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Why tenants must check their commercial lease is watertight – the drip, drip effect of leaky paperwork

It started with a blocked downpipe and ended with damage so extensive a commercial tenant’s ground floor tile shop was left unusable – yet the landlord was not liable for the downpipe’s repair and maintenance, the High Court has decided.

This recent case illustrates the vital importance of making sure tenants have the terms of any commercial lease carefully checked by a solicitor regarding the landlord’s repair and insurance obligations.

By doing so, a clause obligating the landlord to maintain and repair the building can be inserted and the tenant thus protected.

So, who was responsible for the leaking downpipe?

The answer is no-one! The tenant certainly wasn’t liable for repairing the leaking downpipe but neither was the landlord.

In this case, Stonecrest Marble Ltd v Shepherds Bush Housing Association Ltd (2021), the tenant’s tile shop was on the ground floor and the residential upper parts of the property remained under the Housing Association’s control as retained parts.

As soon as water damage caused by the build-up of debris in the downpipe upstairs became apparent, Stonecrest Marble reported it to the landlord and continued to do so in the two years which followed.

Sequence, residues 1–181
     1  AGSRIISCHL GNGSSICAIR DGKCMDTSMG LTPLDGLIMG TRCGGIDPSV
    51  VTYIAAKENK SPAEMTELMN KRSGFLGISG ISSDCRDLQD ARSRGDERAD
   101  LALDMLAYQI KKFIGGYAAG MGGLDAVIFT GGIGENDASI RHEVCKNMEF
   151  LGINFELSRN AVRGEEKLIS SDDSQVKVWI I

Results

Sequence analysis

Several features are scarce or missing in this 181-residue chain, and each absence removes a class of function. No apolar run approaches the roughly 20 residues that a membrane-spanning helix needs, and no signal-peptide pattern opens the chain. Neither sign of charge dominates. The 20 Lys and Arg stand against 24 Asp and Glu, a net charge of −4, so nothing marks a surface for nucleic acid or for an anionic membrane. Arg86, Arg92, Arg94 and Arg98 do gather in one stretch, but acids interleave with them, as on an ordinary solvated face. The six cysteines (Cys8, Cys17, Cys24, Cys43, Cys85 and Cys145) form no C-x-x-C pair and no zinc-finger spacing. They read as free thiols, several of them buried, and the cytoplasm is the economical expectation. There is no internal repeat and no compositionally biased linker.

However, under the terms of the lease, the landlord was not required to carry out any repair it was not obliged to insure. Nor was it required expressly to maintain or repair the retained parts. Gradual deterioration for wear and tear was not included in the landlord’s insurance policy and therefore the blocked pipe was not an ‘insured risk.’

Why did the court rule as it did?

Although the tenant accepted that the build-up of debris in the downpipe was not an ‘insured risk’ it argued that it was still the landlord’s responsibility to maintain the guttering and that not doing so constituted a breach of the tenant’s right to ‘quiet enjoyment of the property.’

However, the High Court ruled that the lease was a professionally drafted document which provided a comprehensive scheme of repair and insurance with no way to impose liability on the landlord to repair or maintain the guttering in the retained parts.

Get in touch

For more information about this area of the law – and the importance of having a lawyer check over your lease so problems like these don’t arise – contact Wards Solicitors’ highly experienced Commercial Property Team.

Our team of specialist lawyers provide a full range of services for both landlord and tenant including commercial leases, sales and purchases of commercial property as well as property agreements and property portfolios.

Posted by: Heather Jones

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